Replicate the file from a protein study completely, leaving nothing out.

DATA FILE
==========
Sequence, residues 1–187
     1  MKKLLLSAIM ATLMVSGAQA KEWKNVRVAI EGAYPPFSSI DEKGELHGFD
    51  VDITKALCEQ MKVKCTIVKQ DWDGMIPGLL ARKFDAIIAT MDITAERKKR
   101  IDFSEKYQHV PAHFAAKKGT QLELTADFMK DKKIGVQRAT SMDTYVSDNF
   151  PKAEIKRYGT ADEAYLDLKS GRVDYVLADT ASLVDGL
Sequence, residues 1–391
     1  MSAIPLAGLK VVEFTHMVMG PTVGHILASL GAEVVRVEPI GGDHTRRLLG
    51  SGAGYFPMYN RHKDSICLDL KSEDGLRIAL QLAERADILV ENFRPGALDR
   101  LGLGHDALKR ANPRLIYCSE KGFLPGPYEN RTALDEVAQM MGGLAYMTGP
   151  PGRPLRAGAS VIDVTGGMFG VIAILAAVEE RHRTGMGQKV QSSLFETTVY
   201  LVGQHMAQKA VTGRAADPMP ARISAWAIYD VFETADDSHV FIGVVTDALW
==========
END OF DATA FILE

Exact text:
Sequence, residues 1–187
     1  MKKLLLSAIM ATLMVSGAQA KEWKNVRVAI EGAYPPFSSI DEKGELHGFD
    51  VDITKALCEQ MKVKCTIVKQ DWDGMIPGLL ARKFDAIIAT MDITAERKKR
   101  IDFSEKYQHV PAHFAAKKGT QLELTADFMK DKKIGVQRAT SMDTYVSDNF
   151  PKAEIKRYGT ADEAYLDLKS GRVDYVLADT ASLVDGL
Sequence, residues 1–391
     1  MSAIPLAGLK VVEFTHMVMG PTVGHILASL GAEVVRVEPI GGDHTRRLLG
    51  SGAGYFPMYN RHKDSICLDL KSEDGLRIAL QLAERADILV ENFRPGALDR
   101  LGLGHDALKR ANPRLIYCSE KGFLPGPYEN RTALDEVAQM MGGLAYMTGP
   151  PGRPLRAGAS VIDVTGGMFG VIAILAAVEE RHRTGMGQKV QSSLFETTVY
   201  LVGQHMAQKA VTGRAADPMP ARISAWAIYD VFETADDSHV FIGVVTDALW